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The Placenta & Autism Connection

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It may sound incredibly early, but the American Academy of Pediatrics recommends doctors screen kids for autism at their 18-month checkup. The idea is that the sooner a child is diagnosed with an Autism Spectrum Disorder, the sooner therapy can begin. The drawback to screening at 18 months is that a year-and-a-half of post-birth brain growth has already happened. In other words, therapy at 18 months is, in some ways, already a late start.

Ideally, parents would know from birth that their child is on the spectrum. In reality, while there's not yet a way to know for sure, researchers may have found a method for determining those who are more at risk. The placenta holds some clues, according to a new study in the journal Biological Psychiatry.

RELATED: 10 Early Signs of Autism

Dr. Harvey J. Kliman, a research scientist in obstetrics, gynecology and reproductive sciences at the Yale School of Medicine, started looking into the placenta as an early sign of ASD risk after studying samples of the placentas of two boys who had autism. Trophoblast inclusions, or TIs, showed up when samples of both placentas were examined under a microscope. This prompted Kliman to conduct a more rigorous study of placentas and autism.

So he looked at samples from the placentas of 167 kids, 13 of whom had some form of autism. He found that TIs occurred at three times the rate in samples from kids with ASD, according to a report by the Los Angeles Times on the study.

Those results prompted yet another study of TIs in placentas. This time, they found 117 pregnant women who already had a child with autism, which meant their unborn child also had a higher risk of an ASD diagnosis. In fact, the placentas from those subsequent pregnancies were compared to the placentas from women who were not at this heightened risk. They found that 92 percent of this control group, the one with no known risks, had no TIs at all. Any that did had no more than two in the sample.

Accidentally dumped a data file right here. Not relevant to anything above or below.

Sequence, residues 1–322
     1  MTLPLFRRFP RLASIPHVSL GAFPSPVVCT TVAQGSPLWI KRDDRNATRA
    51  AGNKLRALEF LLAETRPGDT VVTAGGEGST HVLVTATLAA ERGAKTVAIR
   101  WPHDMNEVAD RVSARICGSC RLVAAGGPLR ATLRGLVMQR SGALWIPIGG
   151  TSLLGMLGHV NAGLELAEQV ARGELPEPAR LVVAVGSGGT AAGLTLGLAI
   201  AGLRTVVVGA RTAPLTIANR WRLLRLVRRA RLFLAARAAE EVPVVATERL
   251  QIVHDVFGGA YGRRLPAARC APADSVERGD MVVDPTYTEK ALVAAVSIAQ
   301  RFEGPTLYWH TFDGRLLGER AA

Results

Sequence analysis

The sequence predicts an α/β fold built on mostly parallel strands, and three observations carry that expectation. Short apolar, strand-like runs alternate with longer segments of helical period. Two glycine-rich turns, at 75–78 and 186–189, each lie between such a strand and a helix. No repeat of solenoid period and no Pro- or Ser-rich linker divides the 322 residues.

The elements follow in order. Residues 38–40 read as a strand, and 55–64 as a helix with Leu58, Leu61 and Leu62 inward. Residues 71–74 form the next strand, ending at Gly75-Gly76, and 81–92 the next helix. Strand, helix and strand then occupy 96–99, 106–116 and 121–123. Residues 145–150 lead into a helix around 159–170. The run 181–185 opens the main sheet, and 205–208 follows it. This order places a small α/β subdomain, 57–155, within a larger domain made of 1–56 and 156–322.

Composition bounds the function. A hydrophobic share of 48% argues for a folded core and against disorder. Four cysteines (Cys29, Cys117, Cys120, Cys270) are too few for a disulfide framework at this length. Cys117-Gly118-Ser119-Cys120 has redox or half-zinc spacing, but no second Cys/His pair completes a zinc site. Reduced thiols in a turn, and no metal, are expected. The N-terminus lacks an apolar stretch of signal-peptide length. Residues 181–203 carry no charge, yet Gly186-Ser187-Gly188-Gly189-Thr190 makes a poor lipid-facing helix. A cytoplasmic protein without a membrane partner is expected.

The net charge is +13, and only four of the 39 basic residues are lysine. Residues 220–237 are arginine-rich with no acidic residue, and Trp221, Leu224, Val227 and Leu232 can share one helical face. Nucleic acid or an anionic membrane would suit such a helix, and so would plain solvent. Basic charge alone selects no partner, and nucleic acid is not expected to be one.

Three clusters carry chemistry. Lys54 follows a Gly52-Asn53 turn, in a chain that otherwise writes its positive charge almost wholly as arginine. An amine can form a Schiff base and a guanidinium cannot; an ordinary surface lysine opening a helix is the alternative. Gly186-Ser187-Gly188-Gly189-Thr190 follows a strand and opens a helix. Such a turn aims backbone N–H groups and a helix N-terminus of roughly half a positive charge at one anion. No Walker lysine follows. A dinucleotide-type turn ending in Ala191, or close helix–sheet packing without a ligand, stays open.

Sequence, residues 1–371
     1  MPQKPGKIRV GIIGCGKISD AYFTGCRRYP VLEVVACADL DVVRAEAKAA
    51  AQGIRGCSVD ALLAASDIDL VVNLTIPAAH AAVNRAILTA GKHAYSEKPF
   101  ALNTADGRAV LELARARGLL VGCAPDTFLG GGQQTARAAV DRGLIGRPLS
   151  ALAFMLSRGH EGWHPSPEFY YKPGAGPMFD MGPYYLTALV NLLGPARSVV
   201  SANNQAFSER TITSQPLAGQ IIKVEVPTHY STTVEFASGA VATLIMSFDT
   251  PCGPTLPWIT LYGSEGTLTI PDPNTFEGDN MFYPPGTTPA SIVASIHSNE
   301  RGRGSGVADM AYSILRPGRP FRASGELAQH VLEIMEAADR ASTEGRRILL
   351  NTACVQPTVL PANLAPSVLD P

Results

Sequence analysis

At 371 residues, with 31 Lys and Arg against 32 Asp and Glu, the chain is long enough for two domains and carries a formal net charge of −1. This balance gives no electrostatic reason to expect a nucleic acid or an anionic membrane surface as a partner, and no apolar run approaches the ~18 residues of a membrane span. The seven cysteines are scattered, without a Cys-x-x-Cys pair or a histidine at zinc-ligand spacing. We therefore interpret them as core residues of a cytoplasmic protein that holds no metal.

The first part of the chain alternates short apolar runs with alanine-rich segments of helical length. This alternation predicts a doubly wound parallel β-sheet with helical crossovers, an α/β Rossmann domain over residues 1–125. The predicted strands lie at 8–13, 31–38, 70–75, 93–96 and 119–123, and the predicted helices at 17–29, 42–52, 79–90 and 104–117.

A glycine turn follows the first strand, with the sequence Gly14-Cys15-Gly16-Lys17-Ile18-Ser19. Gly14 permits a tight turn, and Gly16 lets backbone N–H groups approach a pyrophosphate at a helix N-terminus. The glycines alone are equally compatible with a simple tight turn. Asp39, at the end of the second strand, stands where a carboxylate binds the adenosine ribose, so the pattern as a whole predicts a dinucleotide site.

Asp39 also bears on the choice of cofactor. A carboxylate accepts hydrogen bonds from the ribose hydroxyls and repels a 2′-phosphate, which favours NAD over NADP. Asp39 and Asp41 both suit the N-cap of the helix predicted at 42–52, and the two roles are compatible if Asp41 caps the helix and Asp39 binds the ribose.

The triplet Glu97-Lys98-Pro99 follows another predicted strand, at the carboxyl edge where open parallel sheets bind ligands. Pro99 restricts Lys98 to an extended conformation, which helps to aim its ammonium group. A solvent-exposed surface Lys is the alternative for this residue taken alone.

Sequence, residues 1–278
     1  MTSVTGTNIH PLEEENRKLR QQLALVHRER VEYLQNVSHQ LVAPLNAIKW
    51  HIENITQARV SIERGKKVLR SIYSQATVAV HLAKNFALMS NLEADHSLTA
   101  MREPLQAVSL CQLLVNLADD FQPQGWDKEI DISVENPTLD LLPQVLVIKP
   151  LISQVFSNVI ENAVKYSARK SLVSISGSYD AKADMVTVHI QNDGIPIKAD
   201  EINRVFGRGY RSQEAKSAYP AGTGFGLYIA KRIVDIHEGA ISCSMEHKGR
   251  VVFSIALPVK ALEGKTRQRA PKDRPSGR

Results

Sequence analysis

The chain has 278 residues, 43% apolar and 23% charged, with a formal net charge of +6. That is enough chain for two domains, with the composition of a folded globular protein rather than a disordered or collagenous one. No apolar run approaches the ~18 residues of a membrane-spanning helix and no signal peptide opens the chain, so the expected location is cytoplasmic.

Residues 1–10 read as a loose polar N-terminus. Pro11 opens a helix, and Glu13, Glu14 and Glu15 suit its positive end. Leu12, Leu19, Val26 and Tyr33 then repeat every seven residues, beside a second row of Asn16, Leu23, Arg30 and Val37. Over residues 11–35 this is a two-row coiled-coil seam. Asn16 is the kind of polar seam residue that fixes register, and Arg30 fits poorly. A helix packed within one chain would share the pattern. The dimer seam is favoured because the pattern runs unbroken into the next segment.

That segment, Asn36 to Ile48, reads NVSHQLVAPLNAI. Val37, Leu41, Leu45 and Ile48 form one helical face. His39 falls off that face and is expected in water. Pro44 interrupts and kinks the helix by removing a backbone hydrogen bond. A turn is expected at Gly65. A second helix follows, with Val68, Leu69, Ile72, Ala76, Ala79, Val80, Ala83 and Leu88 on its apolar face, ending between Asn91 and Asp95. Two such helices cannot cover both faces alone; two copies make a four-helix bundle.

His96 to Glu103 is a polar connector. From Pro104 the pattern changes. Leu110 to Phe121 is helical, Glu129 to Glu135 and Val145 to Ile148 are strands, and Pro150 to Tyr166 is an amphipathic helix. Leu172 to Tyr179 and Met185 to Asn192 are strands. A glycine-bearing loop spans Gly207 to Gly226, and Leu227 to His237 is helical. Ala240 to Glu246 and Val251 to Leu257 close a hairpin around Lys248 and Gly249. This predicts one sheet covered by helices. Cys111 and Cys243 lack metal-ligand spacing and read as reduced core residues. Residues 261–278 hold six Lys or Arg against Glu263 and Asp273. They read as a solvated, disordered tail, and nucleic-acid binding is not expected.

RELATED: A New Look at Autism

But the placentas of those higher-risk births had up to 15 TIs. Furthermore, only 59 percent showed no TIs in their samples. And those with more than two TIs in their sample had an eight-fold increase in risk of the child being diagnosed with autism. The researchers rejiggered the numbers to make the women in the control group most like the women in the high-risk group. Doing that multiplied the risk by 11.5 for those with more than two TIs present.

The study that would show conclusively that markers in the placenta predict risk for autism would not be feasible. That would require samples from every birth in a single hospital for a year, according to the LA Times, and then waiting 5 to 10 years to see if TI presence and frequency matched ASD diagnoses.

Still, with more studies, placentas could be seen as a way of showing risk and earlier screening tests developed for the very young.

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